In terms of run blocking, Miami's running backs were regularly stuffed near the line of scrimmage. Reggie Bush broke off a huge 53 yard run courtesy of terrific run-blocking by the right side of our offensive line on 1 play and a couple of broken/missed tackles - watch here - but excluding that run, Miami's running backs ran for 75 yards on 27 carries (2.8 yards per carry). That number accurately reflects how successful most running plays were that day.
Interestingly, Armando Salguero of the Miami Herald reports that Mike Sherman says Jonathan Martin "has a chance to be an excellent left tackle or right tackle, wherever he's starting next year." It would appear that the coaches view Martin as an option at LT next season, though it's important to note that failing to say that would have given Jake Long's agent more leverage in negotiations. Fan evaluation of Jonathan Martin at left tackle can be based on 3 regular games so far (with 2 more to go). Martin looked pretty good against an injury replacement defensive end in the game against the Patriots, and he held his own against the Jaguars' Jason Babin, a waiver-wire pickup who was cut by the Eagles and has 6.5 sacks this season. However, he was embarrassed by a top-5 pass rusher (the 49'ers Aldon Smith), which forced the team to send him help. As I wrote last week, signs so far point to Jonathan Martin being an average left tackle who can hold his own against inferior or average competition but struggles against elite competition (and requires help). It's fair to expect improvement from Martin as he gains experience and gets stronger, but that's all we can say about him so far.
Receivers/Tight Ends: Anthony Fasano had a very good game, after a 5-game stretch being held to 2 catches or less. He had 6 catches for 56 yards and a touchdown - watch here - which came on a very poorly defended play in which BOTH Fasano and fellow tight end Jeron Mastrud were left wide open in the endzone. He was also responsible for catching a pass to successfully complete a 2-point conversion.
Charles Clay had just 2 catches for 8 yards. After his breakout game against the Seahawks, the Patriots only allowed him to get 2 catches for 26 yards, the 49'ers only allowed Clay to get 1 catch for 3 yards, and again, the Jaguars held Clay to 2 catches for 8 yards, though he did have to leave the game with a leg injury. The good news is that Clay has had a catch in 4 consecutive games for the first time this season. The bad news is that he's back down to 1-2 catches per game. However, we learned on Monday that Clay had torn a ligament in his knee and was being placed on IR (with an expected recovery time of 3 months after surgery, per Omar Kelly).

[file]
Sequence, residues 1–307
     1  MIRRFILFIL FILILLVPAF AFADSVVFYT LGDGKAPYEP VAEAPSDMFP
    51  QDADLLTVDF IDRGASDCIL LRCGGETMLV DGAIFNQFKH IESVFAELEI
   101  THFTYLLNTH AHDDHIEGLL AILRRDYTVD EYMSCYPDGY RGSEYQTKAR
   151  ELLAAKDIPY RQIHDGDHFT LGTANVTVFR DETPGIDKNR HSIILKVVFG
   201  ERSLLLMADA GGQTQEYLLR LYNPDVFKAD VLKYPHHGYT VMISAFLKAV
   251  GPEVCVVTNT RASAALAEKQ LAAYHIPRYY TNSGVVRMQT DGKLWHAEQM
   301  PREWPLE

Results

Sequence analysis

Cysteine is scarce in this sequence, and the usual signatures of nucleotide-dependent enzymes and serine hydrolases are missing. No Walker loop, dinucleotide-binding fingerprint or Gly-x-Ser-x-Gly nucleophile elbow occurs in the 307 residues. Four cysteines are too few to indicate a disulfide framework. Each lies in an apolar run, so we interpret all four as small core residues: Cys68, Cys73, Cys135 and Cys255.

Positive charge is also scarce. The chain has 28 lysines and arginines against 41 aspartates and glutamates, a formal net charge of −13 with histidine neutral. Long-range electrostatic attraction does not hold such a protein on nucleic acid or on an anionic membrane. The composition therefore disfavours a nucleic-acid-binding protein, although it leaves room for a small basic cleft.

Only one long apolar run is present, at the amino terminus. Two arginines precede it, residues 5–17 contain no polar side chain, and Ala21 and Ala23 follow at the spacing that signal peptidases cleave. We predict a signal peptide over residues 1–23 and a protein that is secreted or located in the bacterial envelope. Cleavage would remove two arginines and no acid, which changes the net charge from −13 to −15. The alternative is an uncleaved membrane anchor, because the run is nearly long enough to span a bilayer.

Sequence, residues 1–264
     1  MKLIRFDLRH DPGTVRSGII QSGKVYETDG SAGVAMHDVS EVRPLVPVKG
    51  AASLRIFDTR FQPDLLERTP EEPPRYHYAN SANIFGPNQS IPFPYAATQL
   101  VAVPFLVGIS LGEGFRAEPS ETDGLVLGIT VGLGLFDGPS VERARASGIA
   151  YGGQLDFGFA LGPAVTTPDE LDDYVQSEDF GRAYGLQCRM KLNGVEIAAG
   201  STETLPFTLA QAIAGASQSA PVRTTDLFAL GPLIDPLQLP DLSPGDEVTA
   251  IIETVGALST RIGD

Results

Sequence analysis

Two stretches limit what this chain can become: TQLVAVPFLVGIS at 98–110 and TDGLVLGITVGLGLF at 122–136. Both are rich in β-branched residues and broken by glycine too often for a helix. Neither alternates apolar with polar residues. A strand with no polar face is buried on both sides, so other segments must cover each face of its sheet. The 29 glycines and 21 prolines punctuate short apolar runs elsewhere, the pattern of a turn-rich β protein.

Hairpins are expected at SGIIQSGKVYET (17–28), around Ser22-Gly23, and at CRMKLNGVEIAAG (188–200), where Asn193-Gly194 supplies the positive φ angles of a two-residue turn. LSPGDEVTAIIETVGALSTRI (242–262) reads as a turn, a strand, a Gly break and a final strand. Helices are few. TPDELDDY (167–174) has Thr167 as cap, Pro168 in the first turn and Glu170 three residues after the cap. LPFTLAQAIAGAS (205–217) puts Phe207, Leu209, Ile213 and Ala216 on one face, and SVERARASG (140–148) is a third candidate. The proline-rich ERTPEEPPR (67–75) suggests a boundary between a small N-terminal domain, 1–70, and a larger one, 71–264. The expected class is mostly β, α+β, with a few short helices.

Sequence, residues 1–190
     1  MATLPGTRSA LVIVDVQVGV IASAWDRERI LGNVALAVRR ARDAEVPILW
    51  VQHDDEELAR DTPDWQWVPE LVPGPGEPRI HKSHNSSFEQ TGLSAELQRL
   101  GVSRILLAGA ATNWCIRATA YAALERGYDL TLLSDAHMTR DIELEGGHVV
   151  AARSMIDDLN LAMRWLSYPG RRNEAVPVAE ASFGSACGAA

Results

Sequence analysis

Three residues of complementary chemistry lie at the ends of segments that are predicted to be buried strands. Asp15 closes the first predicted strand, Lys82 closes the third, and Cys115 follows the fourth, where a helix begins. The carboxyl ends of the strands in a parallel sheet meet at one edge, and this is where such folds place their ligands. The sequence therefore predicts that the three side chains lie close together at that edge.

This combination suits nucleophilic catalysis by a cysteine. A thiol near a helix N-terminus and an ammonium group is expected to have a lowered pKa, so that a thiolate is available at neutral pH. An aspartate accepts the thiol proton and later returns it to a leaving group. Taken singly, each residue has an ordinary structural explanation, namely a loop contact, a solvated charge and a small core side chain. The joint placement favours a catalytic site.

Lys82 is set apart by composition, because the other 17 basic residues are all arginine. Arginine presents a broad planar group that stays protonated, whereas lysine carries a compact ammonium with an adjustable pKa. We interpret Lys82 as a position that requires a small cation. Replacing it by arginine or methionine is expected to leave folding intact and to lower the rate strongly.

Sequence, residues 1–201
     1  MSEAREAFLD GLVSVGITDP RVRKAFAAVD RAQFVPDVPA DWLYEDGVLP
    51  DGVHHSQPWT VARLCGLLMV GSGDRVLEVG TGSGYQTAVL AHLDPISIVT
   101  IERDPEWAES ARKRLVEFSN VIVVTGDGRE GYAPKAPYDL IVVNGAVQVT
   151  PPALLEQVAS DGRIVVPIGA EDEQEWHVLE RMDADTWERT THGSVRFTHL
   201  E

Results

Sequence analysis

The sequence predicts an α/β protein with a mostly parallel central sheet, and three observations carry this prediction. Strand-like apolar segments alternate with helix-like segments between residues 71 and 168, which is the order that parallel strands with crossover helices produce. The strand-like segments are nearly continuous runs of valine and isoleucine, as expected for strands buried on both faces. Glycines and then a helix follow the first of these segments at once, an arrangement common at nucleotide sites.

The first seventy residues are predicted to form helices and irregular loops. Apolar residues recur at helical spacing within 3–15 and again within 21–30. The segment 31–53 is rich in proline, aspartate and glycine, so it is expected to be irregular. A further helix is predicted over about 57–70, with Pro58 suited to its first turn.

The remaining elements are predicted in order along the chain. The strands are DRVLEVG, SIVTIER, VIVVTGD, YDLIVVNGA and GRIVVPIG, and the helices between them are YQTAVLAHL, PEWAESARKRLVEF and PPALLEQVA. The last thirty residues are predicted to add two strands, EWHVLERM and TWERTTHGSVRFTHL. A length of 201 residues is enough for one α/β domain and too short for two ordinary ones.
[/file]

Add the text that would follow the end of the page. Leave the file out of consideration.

Michael Egnew was inactive, as he has been all season. If Egnew is still inactive with Clay on IR, then that tells you how poorly the coaching staff views Egnew. If he's really been "improving every week in practice," as the coaches have said, and it's week 15, he should be good enough to be listed as a third string tight end behind Jeron Mastrud. I suspect he'll be active, but if he's not, that's a bad sign after 15 weeks of "improving in practice."
Davone Bess missed this game due to back injury.
Brian Hartline finished with 5 catches for 77 yards, and he reached the 1,000 yard mark for the season as our #1 WR. The lone blemish on Hartline's game came on a touchdown drop.
Marlon Moore had 2 catches for 33 yards as a starter opposite Hartline.
Rishard Matthews had 3 catches for 23 yards. Matthews also had a drop on pass that, despite being poorly thrown, was "catchable-enough" for Matthews to get his hands on it. Had Matthews caught that pass, it would have been a very big gain..
Marcus Thigpen has begun seeing the field as a slot receiver recently. In this game, he contributed 1 catch for 15 yards but also had 1 touchdown drop in 29 snaps lined up exclusively as a slot receiver.
Daniel Thomas left the game due to injury after 1 carry for 6 yards. He's not having the bounce-back season I was hoping for after his injury-riddled rookie season in which he dealt with concussion and hamstring problems.
Lamar Miller contributed 6 carries for 18 yards (3 yards per carry) and caught 1 pass for 2 yards.